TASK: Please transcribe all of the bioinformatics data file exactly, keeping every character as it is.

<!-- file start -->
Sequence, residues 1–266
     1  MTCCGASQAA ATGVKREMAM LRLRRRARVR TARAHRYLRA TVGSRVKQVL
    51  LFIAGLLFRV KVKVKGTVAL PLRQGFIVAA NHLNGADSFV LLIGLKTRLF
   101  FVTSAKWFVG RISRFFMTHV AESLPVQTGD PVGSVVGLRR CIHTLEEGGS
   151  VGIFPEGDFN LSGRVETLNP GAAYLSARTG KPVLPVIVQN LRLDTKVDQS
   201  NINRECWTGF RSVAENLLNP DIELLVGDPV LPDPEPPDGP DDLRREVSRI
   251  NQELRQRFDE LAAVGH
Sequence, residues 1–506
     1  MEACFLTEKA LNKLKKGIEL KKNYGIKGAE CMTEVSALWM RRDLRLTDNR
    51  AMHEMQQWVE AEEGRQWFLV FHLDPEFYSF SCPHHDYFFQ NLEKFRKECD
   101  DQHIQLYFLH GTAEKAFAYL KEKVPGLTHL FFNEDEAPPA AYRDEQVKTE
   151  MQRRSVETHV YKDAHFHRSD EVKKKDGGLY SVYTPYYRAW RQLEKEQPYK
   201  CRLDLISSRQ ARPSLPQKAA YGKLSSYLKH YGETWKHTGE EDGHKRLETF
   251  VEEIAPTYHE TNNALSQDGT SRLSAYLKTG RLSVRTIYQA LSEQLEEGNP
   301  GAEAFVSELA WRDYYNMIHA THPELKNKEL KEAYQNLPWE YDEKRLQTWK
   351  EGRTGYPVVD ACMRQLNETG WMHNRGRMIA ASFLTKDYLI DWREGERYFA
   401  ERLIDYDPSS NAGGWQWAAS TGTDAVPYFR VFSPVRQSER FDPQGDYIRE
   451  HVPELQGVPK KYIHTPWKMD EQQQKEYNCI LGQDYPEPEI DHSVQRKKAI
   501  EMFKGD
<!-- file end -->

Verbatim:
Sequence, residues 1–266
     1  MTCCGASQAA ATGVKREMAM LRLRRRARVR TARAHRYLRA TVGSRVKQVL
    51  LFIAGLLFRV KVKVKGTVAL PLRQGFIVAA NHLNGADSFV LLIGLKTRLF
   101  FVTSAKWFVG RISRFFMTHV AESLPVQTGD PVGSVVGLRR CIHTLEEGGS
   151  VGIFPEGDFN LSGRVETLNP GAAYLSARTG KPVLPVIVQN LRLDTKVDQS
   201  NINRECWTGF RSVAENLLNP DIELLVGDPV LPDPEPPDGP DDLRREVSRI
   251  NQELRQRFDE LAAVGH
Sequence, residues 1–506
     1  MEACFLTEKA LNKLKKGIEL KKNYGIKGAE CMTEVSALWM RRDLRLTDNR
    51  AMHEMQQWVE AEEGRQWFLV FHLDPEFYSF SCPHHDYFFQ NLEKFRKECD
   101  DQHIQLYFLH GTAEKAFAYL KEKVPGLTHL FFNEDEAPPA AYRDEQVKTE
   151  MQRRSVETHV YKDAHFHRSD EVKKKDGGLY SVYTPYYRAW RQLEKEQPYK
   201  CRLDLISSRQ ARPSLPQKAA YGKLSSYLKH YGETWKHTGE EDGHKRLETF
   251  VEEIAPTYHE TNNALSQDGT SRLSAYLKTG RLSVRTIYQA LSEQLEEGNP
   301  GAEAFVSELA WRDYYNMIHA THPELKNKEL KEAYQNLPWE YDEKRLQTWK
   351  EGRTGYPVVD ACMRQLNETG WMHNRGRMIA ASFLTKDYLI DWREGERYFA
   401  ERLIDYDPSS NAGGWQWAAS TGTDAVPYFR VFSPVRQSER FDPQGDYIRE
   451  HVPELQGVPK KYIHTPWKMD EQQQKEYNCI LGQDYPEPEI DHSVQRKKAI
   501  EMFKGD